This worldbuilding series isn’t planned out. I have a few ideas and general concepts for future posts, but in general I’m sort of making it up as I go along. Hopefully I haven’t gotten to the point where I’m repeating myself yet. I’m not sure when my interest in secondary worlds started, maybe with Warcraft or Redwall,* but either way it has become something I really do find interesting and enjoy talking about. I plan to keep yammering on about it as long as I have ideas, and I hope you keep popping in to read and share your own thoughts. 

Check out Worldbuilding Part 1, Part 2, and Part 3. I’d also recommend Chuck Wendig’s post on Mad Max: Fury Road.  

*Now that I think about it, maybe it started with Final Fantasy 6.

Edit (February 25, 2019): This series is about the things that I've learned, or am learning, about worldbuilding. It's me trying to level up my craft, and documenting the process. These posts represent my personal approach to worldbuilding, and the way I do it might not be right for you. I'm not an authority on writing, and so everything in these posts should be taken with not only a grain of salt, but a heaping bucket of saline.

Worldbuilding Part 3: Internal Logic by Matthew Marchitto

Can the manticore bite through steel? Does the dragon’s fire melt stone? What happens when someone gets hit with those mage fireballs? Any piece of fiction that has fantastical, sci-fi, superhero, or any variation of those elements needs to have consistent internal logic. It’s the thing that keeps us, the audience, rooted in the world even though Strongman is swinging a bus like a baseball bat.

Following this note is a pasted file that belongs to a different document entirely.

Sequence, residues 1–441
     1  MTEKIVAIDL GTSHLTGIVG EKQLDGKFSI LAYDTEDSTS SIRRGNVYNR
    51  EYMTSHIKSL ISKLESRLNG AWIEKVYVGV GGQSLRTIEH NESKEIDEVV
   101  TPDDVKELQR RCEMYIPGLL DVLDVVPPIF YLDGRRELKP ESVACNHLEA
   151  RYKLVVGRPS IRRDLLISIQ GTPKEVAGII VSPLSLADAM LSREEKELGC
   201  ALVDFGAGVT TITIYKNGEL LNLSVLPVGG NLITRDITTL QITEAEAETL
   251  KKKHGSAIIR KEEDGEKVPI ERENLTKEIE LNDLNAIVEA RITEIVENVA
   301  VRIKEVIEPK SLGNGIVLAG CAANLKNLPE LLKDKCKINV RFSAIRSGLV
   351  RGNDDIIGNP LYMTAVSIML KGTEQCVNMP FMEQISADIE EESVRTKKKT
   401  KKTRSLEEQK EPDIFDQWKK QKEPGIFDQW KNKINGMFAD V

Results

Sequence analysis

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Worldbuilding Part 2 by Matthew Marchitto

A lot of worldbuilding happens on the backstage of the story. The amount that is actually shown to the audience is usually pretty minimal. Maybe that’s the most effective way of communicating aspects of the world. To let there be some mystery, some questions that the reader has to answer themselves. 

That means what they imagine compared to what you imagine won’t always be the same, but that’s okay. It’s for the better.

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Worldbuilding by Matthew Marchitto

Characters always precede the world in my stories. At least they have so far. I’ll get an idea for the characters, some personality traits, maybe imagine how they look or something odd that stands out about them, and that’ll be where the world starts. Then I’ll think of the characters that surround them and where they’d live and work. And then the world starts to form around them.